Baker v. Dr. Pepper Bottling Co. of Wilson, Inc., 10 N.C. App. 126 (1970)

Dec. 16, 1970 · North Carolina Court of Appeals · No. 707SC564
10 N.C. App. 126


No. 707SC564

(Filed 16 December 1970)

Automobiles § 57— highway intersection collision — sufficiency of evidence

Plaintiff’s evidence that defendant’s agent, who was traveling on a servient road, approached the dominant road on which plaintiff was traveling and stopped in obedience to a stop sign controlling the servient road, and that defendant’s agent then proceeded onto the dominant road at a time when plaintiff was in such proximity to the servient road that the agent’s movement could not be made in safety, held sufficient to permit, but not compel, the jury to find that the agent was negligent in one or more respects and that his negligence proximately caused plaintiff’s injuries.

Appeal by plaintiff from Peel, /., 4 May 1970 Civil Session, Nash Superior Court.

This civil action was instituted by plaintiff to recover damages for personal injuries allegedly received by plaintiff when a bread truck operated by him collided with a truck owned by defendant and operated by its employee at the intersection of U.S. Highway 301-A and rural paved road 1340 in Wilson County on 27 June 1969. Pertinent allegations of the complaint are summarized as follows: At about 10:45 a.m. on said date plaintiff was operating a bread truck in a southerly direction on U.S. 301-A and defendant’s driver was operating defendant’s truck in a westerly direction on road 1340. At the intersection of said roads 301-A was designated as the dominant highway and 1340 the servient highway, with stop signs being duly erected on 1340 on each side of 301-A. As plaintiff approached the intersection, he observed defendant’s driver approach the eastern side of 301-A and stop; just before plaintiff arrived at the intersection, defendant’s driver drove defendant’s truck into the intersection, causing the collision and plaintiff’s resulting injuries. The collision and injuries were proximately caused by defendant’s driver’s negligence, particularly his failure to yield the right-of-way to plaintiff, his failure to keep a proper lookout, and his failure to keep defendant’s truck under proper control.

In its answer, defendant denied any negligence on the part of its driver and further alleged that plaintiff was contribu-*127torily negligent in that he drove at an excessive rate of speed, failed to decrease his speed at an intersection and when a special hazard existed, failed to keep his truck under proper control, and failed to exercise due care in avoiding a collision.

Both parties offered evidence generally supporting their respective allegations. The posted speed limit on 301-A was 45 mph, and plaintiff testified that he was driving 40-45 mph. The investigating patrolman testified that one tire mark 39 feet long and another 53 feet long led northward from the vehicle operated by plaintiff; that plaintiff’s vehicle was damaged about its front and defendant’s vehicle was damaged near its right rear. Defendant’s evidence disclosed that its truck was approximately 27 feet long — the same as the width of 301-A at the intersection — that it was loaded at the time giving it a total weight of 18,000 pounds, and that it was overturned in the highway.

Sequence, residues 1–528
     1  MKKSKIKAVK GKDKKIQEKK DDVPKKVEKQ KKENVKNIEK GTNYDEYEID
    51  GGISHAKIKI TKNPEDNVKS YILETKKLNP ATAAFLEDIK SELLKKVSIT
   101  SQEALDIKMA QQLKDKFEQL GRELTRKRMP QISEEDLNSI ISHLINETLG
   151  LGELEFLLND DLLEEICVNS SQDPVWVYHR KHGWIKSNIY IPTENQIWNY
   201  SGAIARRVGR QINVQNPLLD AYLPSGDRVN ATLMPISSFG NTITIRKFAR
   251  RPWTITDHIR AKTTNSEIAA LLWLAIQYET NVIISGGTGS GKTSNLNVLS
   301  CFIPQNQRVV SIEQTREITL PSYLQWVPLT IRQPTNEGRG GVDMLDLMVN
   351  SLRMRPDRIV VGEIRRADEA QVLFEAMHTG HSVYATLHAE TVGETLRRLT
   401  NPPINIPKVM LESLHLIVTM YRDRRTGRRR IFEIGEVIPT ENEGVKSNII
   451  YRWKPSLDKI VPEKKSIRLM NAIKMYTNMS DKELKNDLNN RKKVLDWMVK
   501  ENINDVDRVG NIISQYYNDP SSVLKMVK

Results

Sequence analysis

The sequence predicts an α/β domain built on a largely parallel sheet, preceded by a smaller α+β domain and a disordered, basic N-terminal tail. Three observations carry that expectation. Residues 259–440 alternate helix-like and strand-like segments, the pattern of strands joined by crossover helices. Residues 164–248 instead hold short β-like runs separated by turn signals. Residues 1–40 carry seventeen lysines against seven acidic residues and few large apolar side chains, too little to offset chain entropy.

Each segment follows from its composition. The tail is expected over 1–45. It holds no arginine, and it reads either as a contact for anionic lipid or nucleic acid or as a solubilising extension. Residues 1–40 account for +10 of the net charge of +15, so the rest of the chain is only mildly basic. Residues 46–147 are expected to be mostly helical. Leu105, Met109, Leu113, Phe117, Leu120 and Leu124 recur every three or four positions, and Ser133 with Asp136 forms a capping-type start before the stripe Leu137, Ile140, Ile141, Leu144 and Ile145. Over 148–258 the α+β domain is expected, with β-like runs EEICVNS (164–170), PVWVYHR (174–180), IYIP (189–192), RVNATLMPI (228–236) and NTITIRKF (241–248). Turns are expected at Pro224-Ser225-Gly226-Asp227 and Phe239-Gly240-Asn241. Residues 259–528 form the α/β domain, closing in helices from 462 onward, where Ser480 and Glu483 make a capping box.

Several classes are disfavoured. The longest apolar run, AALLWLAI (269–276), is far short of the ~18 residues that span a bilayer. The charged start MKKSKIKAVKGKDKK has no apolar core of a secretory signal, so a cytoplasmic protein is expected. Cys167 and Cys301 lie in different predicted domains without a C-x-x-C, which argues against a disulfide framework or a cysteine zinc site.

At the conclusion of plaintiff’s evidence and at the conclusion of all the evidence, defendant moved for a directed verdict on the grounds of (1) absence of negligence on the part of defendant’s driver, (2) contributory negligence as a matter of law on the part of plaintiff, and (3) errors committed during the course of the trial. The motion was denied when first made but allowed at the close of all the evidence. From judgment dismissing the action and taxing him with the cost, plaintiff appealed.

Thorp and Etheridge by William D. Etheridge for plaintiff appellant.

Battle, Winslow, Scott and Wiley by Samuel S. Woodley, Jr. for defendant appellee.

BRITT, Judge.

Did the trial court err in allowing defendant’s motion for a directed verdict? We hold that it did.

Considered in the light most favorable to him, plaintiff’s evidence indicated that defendant’s agent while traveling on the servient road approached the dominant road, stopped in obedience to a stop sign controlling the servient road, and proceeded onto the dominant road at a time when plaintiff was traveling thereon in such proximity that the agent’s movement *128could not be made in safety. The evidence was sufficient to permit, but not compel, the jury to find that defendant’s agent was negligent in one or more of the respects alleged and that his negligence proximately caused plaintiff’s injuries. Day v. Davis, 268 N.C. 643, 151 S.E. 2d 556; Hawes v. Refining Co., 236 N.C. 643, 74 S.E. 2d 17. Plaintiff’s evidence did not disclose contributory negligence as a matter of law.

The evidence for defendant concerning the length of the skid marks of plaintiff’s vehicle, the great force with which plaintiff’s vehicle struck the heavy truck of defendant, the openness of the road at the scene of the collision, and the ease with which plaintiff could have avoided the collision, was sufficient to permit, but not compel, the jury to find that plaintiff was contributorily negligent. Hawes v. Refining Co., supra.

The evidence presented made out a case for the jury on the usual issues of negligence, contributory negligence, and amount of damage, therefore, the judgment appealed from is


Judges Campbell and Hedrick concur.